nosolosw

On JavaScript modules

Next week I'm going to participate in a session about package managers for different languages – we'll present pip (python), composer (PHP), and npm (JavaScript). In sharing ideas with my colleagues I realized how many of the struggles of modern JavaScript tooling and workflow is based upon the fact that the language didn't have a built-in module system until recently, so I've decided to write down my thoughts as preparation for the talk.

A brief history of modularity

For a more in-depth explanation, please, check this evolution of modularity in JavaScript – it has many details hard to find in other places.

JavaScript was created in 1995 without modules, and every <script>  shared the same global scope. We learned how to work with functions and namespacing to gain a minimum ability to divide our code into pieces, but as the importance of JavaScript grew, the pressure to have better alternatives was more intense as well.

In the server, Node.js became the de facto standard and its module choice, CommonJS, the format used in the incipient node package manager,npm . That was 2010, 15 years after the JavaScript release. Browser-side nobody could afford or was interested in a unified module system, so alternatives bloomed and the market became more fragmented. With time, the use of npm skyrocketed and so the importance of CommonJS, even for browsers.

How to make CommonJS available in the browser

It may be worth to pause and remember that at that point we still didn't have a module system for browsers. We had something that was simple enough to work with and hack. The core of the CommonJS API is quite simple, and has two pieces:

  • require: a function to import some code that's somewhere else.
  • module.exports: a variable to hold the code to be exported.

Let's say that I have an input.js file in CommonJS format:

var constants = require( './constants' );
console.log( constants.HELLO + ' ' + constants.WORLD );

And the corresponding constants.js contains:

module.exports = {
    HELLO: 'HELLO',
    WORLD: 'WORLD',
};

I can't add those files to the browser through the <script>  tag and expect them to work. That's invalid JavaScript as browsers understand it.

How do we make it valid JavaScript? Well, something we can do is to copy the modules to the same file, wrap them in a function (so their internal variables don't collide) and expose the necessary keywords through the function arguments:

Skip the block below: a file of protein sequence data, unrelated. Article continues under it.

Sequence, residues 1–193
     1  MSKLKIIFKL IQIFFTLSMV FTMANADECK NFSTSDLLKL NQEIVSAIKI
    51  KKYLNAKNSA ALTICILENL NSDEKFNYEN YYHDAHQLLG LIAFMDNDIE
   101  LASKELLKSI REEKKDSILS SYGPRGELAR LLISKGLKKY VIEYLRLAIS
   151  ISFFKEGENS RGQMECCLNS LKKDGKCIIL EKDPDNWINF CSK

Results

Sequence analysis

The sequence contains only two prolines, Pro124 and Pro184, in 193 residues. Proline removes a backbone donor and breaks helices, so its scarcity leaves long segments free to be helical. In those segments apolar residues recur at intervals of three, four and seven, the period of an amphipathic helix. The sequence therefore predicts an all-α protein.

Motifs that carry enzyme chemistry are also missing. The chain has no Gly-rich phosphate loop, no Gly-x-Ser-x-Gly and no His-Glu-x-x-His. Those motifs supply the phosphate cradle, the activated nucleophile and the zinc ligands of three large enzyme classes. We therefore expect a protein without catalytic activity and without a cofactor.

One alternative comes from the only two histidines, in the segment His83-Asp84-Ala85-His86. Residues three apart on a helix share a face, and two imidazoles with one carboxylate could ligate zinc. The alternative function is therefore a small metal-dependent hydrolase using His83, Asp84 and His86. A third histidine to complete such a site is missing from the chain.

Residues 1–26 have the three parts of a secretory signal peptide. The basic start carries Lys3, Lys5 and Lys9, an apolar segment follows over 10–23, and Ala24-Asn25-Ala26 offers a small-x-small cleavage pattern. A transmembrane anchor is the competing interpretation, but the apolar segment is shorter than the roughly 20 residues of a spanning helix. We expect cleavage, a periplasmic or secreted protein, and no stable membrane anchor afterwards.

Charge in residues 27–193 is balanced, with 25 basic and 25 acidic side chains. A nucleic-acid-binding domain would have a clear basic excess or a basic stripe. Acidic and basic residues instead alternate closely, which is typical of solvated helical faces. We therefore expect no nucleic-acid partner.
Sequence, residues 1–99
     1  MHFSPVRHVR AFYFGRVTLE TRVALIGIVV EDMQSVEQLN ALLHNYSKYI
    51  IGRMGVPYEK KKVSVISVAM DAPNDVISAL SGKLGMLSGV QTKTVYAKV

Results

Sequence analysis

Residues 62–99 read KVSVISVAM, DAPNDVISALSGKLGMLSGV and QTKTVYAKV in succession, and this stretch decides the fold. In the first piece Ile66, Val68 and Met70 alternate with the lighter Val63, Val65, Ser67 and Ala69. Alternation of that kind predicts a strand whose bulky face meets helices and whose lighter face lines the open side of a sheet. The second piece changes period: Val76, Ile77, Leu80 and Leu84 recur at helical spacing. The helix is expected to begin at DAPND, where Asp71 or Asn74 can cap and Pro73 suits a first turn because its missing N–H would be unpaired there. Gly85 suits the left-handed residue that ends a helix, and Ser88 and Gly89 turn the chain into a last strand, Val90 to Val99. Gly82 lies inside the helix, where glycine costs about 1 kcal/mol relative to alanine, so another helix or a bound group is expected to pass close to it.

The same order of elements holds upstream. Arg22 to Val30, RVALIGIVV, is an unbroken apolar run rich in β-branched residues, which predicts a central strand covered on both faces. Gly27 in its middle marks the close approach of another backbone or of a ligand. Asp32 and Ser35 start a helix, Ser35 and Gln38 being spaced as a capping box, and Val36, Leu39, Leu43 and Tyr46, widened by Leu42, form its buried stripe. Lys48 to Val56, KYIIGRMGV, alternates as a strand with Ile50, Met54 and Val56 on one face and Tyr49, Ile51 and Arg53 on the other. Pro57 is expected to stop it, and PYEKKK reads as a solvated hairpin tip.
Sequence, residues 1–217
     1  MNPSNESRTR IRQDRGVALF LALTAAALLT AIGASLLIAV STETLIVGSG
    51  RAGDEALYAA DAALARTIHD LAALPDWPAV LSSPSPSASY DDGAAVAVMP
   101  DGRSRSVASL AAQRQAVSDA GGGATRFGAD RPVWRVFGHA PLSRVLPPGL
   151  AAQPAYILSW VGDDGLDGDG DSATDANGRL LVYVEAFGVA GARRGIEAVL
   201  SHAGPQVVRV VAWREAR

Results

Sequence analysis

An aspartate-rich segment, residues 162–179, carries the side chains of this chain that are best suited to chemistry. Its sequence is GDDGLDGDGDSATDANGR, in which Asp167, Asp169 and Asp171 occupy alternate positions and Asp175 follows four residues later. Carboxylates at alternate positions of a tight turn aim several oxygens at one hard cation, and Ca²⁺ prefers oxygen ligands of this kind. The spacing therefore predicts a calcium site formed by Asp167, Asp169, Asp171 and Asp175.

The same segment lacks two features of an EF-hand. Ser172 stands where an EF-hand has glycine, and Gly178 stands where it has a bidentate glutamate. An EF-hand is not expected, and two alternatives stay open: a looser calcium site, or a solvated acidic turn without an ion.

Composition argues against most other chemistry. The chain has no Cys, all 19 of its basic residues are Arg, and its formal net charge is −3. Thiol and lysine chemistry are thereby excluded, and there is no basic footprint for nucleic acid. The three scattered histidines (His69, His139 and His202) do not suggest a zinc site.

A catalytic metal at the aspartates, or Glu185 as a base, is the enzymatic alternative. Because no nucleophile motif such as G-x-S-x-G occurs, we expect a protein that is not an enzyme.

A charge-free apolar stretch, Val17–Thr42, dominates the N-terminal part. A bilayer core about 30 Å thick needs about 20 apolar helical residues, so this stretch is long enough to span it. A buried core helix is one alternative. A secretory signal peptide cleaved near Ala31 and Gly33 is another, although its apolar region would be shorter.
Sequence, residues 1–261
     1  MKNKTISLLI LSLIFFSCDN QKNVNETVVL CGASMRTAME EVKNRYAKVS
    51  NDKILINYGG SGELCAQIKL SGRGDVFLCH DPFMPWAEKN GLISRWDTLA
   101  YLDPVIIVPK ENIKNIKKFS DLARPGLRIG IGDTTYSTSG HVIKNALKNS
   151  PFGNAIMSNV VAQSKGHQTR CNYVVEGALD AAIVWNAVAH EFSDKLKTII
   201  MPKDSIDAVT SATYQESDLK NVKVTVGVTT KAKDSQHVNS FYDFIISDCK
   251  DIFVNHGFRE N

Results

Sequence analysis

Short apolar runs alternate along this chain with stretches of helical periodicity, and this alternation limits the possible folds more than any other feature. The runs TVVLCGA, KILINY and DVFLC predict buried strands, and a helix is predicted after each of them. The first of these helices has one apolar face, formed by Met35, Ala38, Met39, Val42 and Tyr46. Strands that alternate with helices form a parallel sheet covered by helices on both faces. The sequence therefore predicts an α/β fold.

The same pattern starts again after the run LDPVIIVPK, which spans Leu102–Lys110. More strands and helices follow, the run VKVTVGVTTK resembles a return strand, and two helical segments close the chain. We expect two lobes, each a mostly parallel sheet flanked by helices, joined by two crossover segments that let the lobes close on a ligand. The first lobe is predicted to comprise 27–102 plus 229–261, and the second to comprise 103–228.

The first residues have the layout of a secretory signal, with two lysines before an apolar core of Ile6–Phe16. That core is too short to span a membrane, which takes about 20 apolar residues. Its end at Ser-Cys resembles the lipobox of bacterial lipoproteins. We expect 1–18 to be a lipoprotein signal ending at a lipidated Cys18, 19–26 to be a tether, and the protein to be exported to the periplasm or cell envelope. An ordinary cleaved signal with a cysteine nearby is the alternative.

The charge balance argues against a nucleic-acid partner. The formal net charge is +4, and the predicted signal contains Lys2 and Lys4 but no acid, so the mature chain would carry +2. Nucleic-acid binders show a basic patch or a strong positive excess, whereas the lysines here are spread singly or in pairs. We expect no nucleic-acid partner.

// Scope the first module
function( require, module ) {
    var constants = require( './constants' );
    console.log( constants.HELLO + ' ' + constants.WORLD );
}

// Scope the second module
function( require, module ) {
    module.exports = {
        HELLO: 'HELLO',
        WORLD: 'WORLD',
    };
}

This can be included in the browsers! It won't fail, but it will also do nothing.

OK, next step, let's implement require : it is a function that takes a module identifier and returns its module.exports object. We can do that:

// Implement require
var modules = {};
var require = function( moduleId ){
    var tmpModule = {};
    modules[ moduleId ]( require, tmpModule );
    return tmpModule.exports;
}

// Scope and register the first module
var input = function( require, module ) {
    var constants = require( './constants' );
    console.log( constants.HELLO + ' ' + constants.WORLD );
}
modules[ './input.js' ] = input;

// Scope and register the second module
var constants = function( require, module ) {
    module.exports = {
        HELLO: 'HELLO',
        WORLD: 'WORLD',
    };
}
modules[ './constants' ] = constants;

It looks a bit better, but still does nothing and we ended up adding a lot of variables to the global scope.

Let's fix this by scoping the code within an IIFE (so it doesn't pollute the global scope) and execute the main module, the entry point of our program (./input.js in our example):

(function() {
  // Implement require
  var modules = {};
  var require = function( moduleId ) {
    var tmpModule = {};
    modules[ moduleId ]( require, tmpModule );
    return tmpModule.exports;
  };

  // Scope and register the first module